Plasma is the clear, straw coloured liquid portion of the blood that remains after the red blood cells

Plasma is the clear, straw coloured liquid portion of the blood that remains after the red blood cells, white blood cells, platelets and other cellular components are removed. It comprises 55 per cent of human blood and contains antibodies that can fight against diseases.

Covalescent plasma is the plasma drawn from the people who have recovered from a disease. It is rich in antibodies and has been used to treat or prevent serious infections and been part of medical practice for more than 100 years. Before vaccines, this was successfully used for infectious diseases like diphtheria, measles, polio and mumps.

Survivors will be able to donate only twice, 400 ml each time, possibly saving 2-3 lives. The donor and the patient must be of compatible blood types, and the plasma is then tested for multiple diseases, including COVID-19, hepatitis and HIV. Next, it is again tested to make sure it has enough antibodies to effectively treat or prevent COVID-19. After that it is infused in the recipient. Vaccines also trigger the body to produce these antibodies. But currently there is no vaccine so it remains best source of antibodies for now.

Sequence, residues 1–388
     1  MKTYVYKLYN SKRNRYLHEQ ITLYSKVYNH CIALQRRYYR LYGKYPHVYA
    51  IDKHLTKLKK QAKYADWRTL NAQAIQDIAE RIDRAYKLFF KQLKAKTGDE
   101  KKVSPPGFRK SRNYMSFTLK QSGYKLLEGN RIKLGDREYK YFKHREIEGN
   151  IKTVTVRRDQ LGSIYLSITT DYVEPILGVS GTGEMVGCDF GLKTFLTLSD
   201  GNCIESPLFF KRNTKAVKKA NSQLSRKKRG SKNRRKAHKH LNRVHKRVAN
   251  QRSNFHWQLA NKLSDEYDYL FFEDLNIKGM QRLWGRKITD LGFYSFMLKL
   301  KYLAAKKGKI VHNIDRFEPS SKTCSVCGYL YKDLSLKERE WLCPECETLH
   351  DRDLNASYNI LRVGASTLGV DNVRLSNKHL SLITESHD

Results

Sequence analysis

Results are promising. A study published in the Journal of the American Medical Association on March 27 shows some evidence that plasma could help people with severe illness. Researchers in China report that five critically ill patients improved after receiving covalescent plasma. An online site has also been registered in the US where COVID-19 recovered people can register and donate their blood. Even the FDA has approved it for experimental trials. Besides China, Israel and the US have started to get positive results from the therapy. However, it’s not easy to find enough people who are eligible to donate. It is expensive and cannot be done on a large scale.
A number of drugs are now being tested in patients with COVID-19, but there is no robust evidence regarding its effectiveness. And even if a coronavirus vaccine is developed at lightning speed, it’s at least 3 months away. This covalescent plasma could be a vital treatment route until a better treatment, or vaccine, is available.